Steven Gerrard's equaliser in the 91st minute of the 2006 FA Cup final against West Ham is remembered as one of those points in history that fans of dull British films would to refer to as a "Sliding Doors" moment. The point at which a life diverges from one path and finds another route on the basis of one tiny detail or, in this particular case, a goal from one of the best footballers in the world.
Somewhere in a parallel universe, Alan Pardew has an FA Cup-winners' medal. Somewhere he is still in charge of West Ham and a potential candidate to be England manager. Unfortunately for Pardew, in the reality with which we deal, he is just another unemployed football man with enough time on his hands to watch Liverpool against West Ham tonight, two and a half years on from the day when he was less than four minutes from winning the FA Cup final against Liverpool with a West Ham team who had been promoted to the Premier League only one year earlier.
After that FA Cup final, Pardew won only four more games as West Ham manager. He bought himself a Ferrari and, by general consensus, momentarily lost the plot. His image as a promising young English manager has been hastily revised, especially by those Charlton Athletic fans who finally got their wish when he was sacked last Saturday. Now it looks like he is embarking on a journey back down the leagues whence he came. He should be given another chance because no career is perfect, but don't count on it happening.
Sir Alex Ferguson was sacked by St Mirren. Arsène Wenger got the shove at Nancy after relegation (although they like to dress that one up as a mutual decision). Juande Ramos had more clubs than most people have had hot tapas, 11 since 1993 and no one in Spain believes he is finished because of what happened at Tottenham. Pardew probably believes he is a better manager than he was two years ago, and almost certainly would not make the same mistakes again. But will he get the chance? If you want to understand Pardew's legacy at West Ham, then a comparison of the team that lost to Liverpool in the 2006 FA Cup final to the XI most likely to play against Liverpool at Anfield tonight tells you all you need to know. Given the money that West Ham have spent since then, and more recently had to recoup, it is hard to make a case that, in terms of players, they are any better off than they were on that day at Wembley in 2006.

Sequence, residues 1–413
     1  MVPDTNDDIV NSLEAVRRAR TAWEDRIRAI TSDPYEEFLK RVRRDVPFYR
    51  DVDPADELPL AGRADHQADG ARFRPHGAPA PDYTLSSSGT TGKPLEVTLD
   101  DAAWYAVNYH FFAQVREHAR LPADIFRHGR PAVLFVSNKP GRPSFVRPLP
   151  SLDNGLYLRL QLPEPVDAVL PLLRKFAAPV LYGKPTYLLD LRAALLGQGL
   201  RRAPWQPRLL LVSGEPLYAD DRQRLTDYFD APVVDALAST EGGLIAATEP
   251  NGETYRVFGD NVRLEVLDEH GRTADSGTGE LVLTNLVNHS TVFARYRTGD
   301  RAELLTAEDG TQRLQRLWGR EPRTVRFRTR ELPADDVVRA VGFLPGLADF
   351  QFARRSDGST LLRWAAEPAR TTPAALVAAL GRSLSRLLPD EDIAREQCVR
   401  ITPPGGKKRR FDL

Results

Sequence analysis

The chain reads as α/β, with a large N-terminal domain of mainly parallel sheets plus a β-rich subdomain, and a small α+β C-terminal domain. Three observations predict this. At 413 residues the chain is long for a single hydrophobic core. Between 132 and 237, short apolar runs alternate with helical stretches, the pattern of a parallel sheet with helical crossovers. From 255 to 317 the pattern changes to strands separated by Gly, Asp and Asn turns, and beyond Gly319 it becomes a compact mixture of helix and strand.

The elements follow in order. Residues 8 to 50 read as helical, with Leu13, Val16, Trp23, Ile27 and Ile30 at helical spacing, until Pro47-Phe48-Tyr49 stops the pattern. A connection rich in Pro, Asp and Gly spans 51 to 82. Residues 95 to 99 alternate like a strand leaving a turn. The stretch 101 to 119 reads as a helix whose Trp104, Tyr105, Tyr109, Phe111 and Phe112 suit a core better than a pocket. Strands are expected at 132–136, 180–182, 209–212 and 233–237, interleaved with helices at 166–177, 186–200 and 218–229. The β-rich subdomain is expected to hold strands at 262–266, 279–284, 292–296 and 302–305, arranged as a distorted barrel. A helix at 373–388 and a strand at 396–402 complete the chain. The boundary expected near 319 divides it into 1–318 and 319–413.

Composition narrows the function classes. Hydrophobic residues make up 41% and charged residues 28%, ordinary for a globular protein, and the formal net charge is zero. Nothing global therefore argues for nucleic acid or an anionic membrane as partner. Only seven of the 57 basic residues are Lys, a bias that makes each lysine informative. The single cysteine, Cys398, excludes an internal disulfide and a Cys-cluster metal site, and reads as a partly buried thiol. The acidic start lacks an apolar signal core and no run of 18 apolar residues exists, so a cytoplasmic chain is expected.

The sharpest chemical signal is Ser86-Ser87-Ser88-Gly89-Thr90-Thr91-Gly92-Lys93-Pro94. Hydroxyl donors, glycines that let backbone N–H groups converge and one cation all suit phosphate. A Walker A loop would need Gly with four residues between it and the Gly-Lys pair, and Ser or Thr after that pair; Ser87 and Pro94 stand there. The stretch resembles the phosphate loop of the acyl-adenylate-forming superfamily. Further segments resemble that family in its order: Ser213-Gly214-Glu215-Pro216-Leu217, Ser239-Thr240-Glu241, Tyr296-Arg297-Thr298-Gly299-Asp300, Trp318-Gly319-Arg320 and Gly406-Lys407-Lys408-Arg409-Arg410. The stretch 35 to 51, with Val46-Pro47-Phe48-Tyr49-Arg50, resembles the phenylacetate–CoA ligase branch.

This is West Ham's side from the 2006 FA Cup final: Hislop; Scaloni, Ferdinand, Gabbidon, Konchesky; Benayoun, Fletcher, Reo-Coker, Etherington; Ashton, Harewood.
And the West Ham side most likely to play against Liverpool tonight: Green; Neill, Collins, Upson, Ilunga; Behrami, Parker, Bowyer; Bellamy, Etherington; Cole.
This is an estimation of the best combination from those two sides: Green; Neill, Ferdinand, Upson, Konchesky; Benayoun, Parker, Reo-Coker, Etherington; Bellamy, Ashton.
Matthew Etherington predates even the Pardew regime, so he does not count. Dean Ashton would still be available tonight but for injury and he counts as Pardew's player because Pardew signed him. On that basis the score is 5-5 between Pardew's players and the players signed post-May 2006. However, in the summer before his final season, Pardew bought Robert Green, so the score should really be 6-4 in his favour. On this calculation, only Matthew Upson, Craig Bellamy, Lucas Neill and Scott Parker from those have been signed post-Pardew can claim to have improved the side.